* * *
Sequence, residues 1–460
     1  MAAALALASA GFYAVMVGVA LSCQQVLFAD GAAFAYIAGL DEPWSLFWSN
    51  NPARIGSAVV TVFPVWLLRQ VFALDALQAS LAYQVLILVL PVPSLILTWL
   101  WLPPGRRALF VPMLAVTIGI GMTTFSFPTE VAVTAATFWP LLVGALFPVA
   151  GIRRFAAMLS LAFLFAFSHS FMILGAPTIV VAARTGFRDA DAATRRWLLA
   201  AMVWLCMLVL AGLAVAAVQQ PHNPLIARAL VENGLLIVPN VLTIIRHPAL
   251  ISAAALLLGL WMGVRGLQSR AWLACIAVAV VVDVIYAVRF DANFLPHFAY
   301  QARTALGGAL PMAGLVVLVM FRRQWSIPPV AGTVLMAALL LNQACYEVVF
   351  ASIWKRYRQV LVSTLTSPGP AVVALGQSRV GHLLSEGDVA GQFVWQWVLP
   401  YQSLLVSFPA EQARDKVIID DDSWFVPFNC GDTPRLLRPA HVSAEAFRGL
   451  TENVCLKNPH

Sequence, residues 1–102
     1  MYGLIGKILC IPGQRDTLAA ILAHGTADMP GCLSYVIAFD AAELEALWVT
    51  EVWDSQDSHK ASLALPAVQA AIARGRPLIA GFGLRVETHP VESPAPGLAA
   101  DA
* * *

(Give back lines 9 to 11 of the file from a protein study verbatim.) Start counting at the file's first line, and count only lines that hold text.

   351  ASIWKRYRQV LVSTLTSPGP AVVALGQSRV GHLLSEGDVA GQFVWQWVLP
   401  YQSLLVSFPA EQARDKVIID DDSWFVPFNC GDTPRLLRPA HVSAEAFRGL
   451  TENVCLKNPH